With schools closed during another national lockdown due to the ongoing pandemic and most learning moving to online platforms, these new teaching and learning methods present a steep learning curve for all teachers and practitioners, not least those giving nurturing support to vulnerable pupils. Since the very first nurture groups were introduced into educational practice, almost half a century ago, practitioners have adapted and developed the traditional working method of the “classic” nurture group structure in response to the needs of their pupils, and the availability of resources in their particular settings. These adapted nurturing structures were firmly based on the 6 principles of nurture, but also considered the unique conditions, resources and individual goals of their schools or settings. I would argue that the needs of the moment require us to employ similar creativity and initiative as those nurturers of the past, and to adapt our nurture practice to try to reach our students remotely.
The first principle of nurture – the classroom offers a safe base – is a good starting point for us to work from. Rather than being a physical place, such as a classroom or home, the secure base, as described in the literature, is actually provided through a close relationship with one or more sensitive and responsive attachment figures who meet the child’s needs and to whom the child can turn to as a safe haven when upset or anxious. In other words, the emotional connection created between adult and the child (teacher and pupil) is the secure base, and through this connection the child develops the deeper connection with their physical environment. By creating regular opportunities for connecting and checking in with your nurture pupils in online sessions, you will be continuing to develop the trusting relationship already established with your pupils in the classroom.
Just as the nurture classroom is always consciously planned and arranged “to create an educational experience that is rooted in feelings of emotional security”, so arranging your physical space where you will host online nurture sessions so that it looks homely, comfortable, safe, and will encourage secure attachment and promote the principles of nurture. Given that many of you will be hosting these sessions from your own homes, this may not be as difficult to achieve as it is in a physical classroom.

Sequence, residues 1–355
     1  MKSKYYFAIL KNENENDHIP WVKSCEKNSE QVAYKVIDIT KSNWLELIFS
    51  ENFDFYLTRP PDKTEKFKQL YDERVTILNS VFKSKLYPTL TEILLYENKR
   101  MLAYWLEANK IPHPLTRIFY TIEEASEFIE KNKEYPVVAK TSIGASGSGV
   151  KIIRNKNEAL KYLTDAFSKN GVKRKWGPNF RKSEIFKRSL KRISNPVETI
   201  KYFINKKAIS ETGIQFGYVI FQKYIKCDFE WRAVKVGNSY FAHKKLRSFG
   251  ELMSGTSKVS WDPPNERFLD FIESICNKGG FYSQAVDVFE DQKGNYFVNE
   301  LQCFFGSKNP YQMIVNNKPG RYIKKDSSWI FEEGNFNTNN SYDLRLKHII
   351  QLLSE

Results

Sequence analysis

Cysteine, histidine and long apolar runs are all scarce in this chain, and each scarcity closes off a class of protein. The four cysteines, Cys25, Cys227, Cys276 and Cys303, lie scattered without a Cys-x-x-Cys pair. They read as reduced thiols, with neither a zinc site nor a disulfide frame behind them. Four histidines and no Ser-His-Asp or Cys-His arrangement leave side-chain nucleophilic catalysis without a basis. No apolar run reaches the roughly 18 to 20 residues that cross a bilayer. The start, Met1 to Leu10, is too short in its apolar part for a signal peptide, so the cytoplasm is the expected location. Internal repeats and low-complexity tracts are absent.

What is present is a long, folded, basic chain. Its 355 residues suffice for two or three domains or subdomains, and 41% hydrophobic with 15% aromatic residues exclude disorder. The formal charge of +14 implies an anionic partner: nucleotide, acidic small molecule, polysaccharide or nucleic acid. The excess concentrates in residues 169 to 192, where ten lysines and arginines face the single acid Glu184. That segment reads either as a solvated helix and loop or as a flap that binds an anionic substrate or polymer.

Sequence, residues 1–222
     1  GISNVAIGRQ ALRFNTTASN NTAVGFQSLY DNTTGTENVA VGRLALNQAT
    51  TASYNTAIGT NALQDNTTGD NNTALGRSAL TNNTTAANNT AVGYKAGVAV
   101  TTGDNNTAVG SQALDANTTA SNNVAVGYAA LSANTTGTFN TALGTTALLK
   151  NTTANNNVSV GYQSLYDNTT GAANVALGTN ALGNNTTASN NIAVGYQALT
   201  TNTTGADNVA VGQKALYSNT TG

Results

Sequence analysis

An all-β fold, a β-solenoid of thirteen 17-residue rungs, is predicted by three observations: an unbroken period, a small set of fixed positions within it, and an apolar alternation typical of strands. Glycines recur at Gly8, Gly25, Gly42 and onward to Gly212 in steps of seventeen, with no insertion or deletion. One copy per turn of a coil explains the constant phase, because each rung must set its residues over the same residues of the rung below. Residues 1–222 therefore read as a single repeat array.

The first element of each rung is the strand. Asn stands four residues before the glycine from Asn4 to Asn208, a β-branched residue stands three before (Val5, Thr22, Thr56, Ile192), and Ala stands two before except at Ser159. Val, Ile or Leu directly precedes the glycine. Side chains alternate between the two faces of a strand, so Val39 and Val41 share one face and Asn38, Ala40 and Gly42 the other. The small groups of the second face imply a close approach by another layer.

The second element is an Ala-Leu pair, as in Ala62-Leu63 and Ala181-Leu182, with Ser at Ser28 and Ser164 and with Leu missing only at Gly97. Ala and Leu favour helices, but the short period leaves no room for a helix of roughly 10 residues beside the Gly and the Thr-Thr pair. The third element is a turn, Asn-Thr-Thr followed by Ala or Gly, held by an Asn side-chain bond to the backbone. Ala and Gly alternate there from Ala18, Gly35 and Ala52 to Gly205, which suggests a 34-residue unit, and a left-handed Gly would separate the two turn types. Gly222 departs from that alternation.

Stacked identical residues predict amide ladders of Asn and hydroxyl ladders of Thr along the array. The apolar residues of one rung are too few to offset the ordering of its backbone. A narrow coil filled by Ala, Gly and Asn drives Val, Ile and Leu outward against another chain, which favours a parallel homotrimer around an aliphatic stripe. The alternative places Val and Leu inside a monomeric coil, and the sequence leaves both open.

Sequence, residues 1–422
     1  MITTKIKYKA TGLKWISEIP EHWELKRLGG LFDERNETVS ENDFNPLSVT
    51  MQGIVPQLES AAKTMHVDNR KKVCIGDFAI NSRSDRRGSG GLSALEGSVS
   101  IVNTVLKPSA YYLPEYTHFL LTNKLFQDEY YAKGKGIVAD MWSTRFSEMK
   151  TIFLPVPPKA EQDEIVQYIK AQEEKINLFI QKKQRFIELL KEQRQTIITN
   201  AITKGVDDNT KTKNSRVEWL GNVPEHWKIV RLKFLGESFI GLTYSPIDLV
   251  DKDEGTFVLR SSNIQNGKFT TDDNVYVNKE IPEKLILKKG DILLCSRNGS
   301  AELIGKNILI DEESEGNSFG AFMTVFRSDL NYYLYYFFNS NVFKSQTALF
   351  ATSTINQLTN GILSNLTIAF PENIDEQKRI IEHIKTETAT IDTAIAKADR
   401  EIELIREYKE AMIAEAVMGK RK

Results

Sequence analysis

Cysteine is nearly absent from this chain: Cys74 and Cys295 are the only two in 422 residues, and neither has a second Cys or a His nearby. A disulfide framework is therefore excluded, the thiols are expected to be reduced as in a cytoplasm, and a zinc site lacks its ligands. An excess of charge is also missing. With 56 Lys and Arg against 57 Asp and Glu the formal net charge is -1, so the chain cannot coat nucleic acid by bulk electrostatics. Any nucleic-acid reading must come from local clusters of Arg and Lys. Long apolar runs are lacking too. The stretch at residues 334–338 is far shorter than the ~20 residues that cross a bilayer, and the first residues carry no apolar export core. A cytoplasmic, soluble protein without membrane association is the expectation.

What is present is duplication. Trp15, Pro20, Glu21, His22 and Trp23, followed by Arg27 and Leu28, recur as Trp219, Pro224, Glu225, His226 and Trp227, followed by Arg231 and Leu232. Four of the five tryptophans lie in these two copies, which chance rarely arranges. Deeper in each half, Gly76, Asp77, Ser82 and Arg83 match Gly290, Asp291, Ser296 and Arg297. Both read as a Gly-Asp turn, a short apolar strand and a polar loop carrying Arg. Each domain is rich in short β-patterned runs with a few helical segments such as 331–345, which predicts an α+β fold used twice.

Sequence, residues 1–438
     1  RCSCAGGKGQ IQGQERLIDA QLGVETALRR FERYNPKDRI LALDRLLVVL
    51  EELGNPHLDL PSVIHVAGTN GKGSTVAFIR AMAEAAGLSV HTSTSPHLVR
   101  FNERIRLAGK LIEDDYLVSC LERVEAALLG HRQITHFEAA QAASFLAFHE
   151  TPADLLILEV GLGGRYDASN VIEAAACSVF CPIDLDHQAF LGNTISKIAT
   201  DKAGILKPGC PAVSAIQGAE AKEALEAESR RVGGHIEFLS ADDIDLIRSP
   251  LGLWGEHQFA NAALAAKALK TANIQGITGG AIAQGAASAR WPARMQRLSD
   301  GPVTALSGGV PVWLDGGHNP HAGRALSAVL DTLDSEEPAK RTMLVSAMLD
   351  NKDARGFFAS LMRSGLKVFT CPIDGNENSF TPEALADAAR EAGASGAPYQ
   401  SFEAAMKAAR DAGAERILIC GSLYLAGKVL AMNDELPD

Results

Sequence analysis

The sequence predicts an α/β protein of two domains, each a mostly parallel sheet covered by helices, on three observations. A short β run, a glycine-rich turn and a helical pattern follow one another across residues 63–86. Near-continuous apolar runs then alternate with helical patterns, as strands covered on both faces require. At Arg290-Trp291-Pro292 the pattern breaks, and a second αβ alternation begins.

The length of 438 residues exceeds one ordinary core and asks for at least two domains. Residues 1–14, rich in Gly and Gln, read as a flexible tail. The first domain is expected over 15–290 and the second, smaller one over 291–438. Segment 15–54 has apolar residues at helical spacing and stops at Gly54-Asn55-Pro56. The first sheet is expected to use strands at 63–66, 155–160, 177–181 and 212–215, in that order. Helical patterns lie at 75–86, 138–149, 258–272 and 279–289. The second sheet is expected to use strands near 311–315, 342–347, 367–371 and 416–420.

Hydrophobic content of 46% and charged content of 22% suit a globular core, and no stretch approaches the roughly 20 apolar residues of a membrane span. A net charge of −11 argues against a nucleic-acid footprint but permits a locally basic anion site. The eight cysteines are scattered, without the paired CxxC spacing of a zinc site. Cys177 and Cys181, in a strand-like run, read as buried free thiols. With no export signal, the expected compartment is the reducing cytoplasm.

Here are my top 5 tips to help you create a nurturing online teaching environment:
1. Arrange sessions in advance, giving pupils clear notification of when sessions will occur and how long they will last. Providing this as a printable timetable, will allow for printing off and display in their homes.
2. Sessions should ideally take place at the same time each day. or on a named day if offering weekly sessions. This will help the pupil feel more secure and help them to establish a clear routine.
3. Arrange the room where you will host the session so that it appears comfortable and homely, using furniture, lighting and soft furnishings (cushions, blankets, etc). that convey these feelings. Including some familiar items from their regular classroom would be great if this is possible. Consciously include significant objects that may evoke interest and discussion, e.g., a toys/figures related to topics you will be exploring, books, items that are significant to you from your home, etc.
4. Make sure that the room and each of the significant items is displayed in the same way for each session to create a sense of familiarity and safety.
5. Create a routine format or structure that is used for each online session, e.g. greeting song/poem, followed by weather discussion, followed by show-and-tell, followed by nature exploration session, followed by drawing, followed by goodbye song/poem. These routines could follow a similar format to your classroom sessions to ensure that they are suitable for your pupils ages and stages and curriculum requirements.
Other resources that may help:
• Nurture Groups in school and at home, Cooper and Tiknaz (2007)
• Nurturing Success, Helen Sonnet (2008)
• Attachment in the Classroom, Heather Geddes (2012)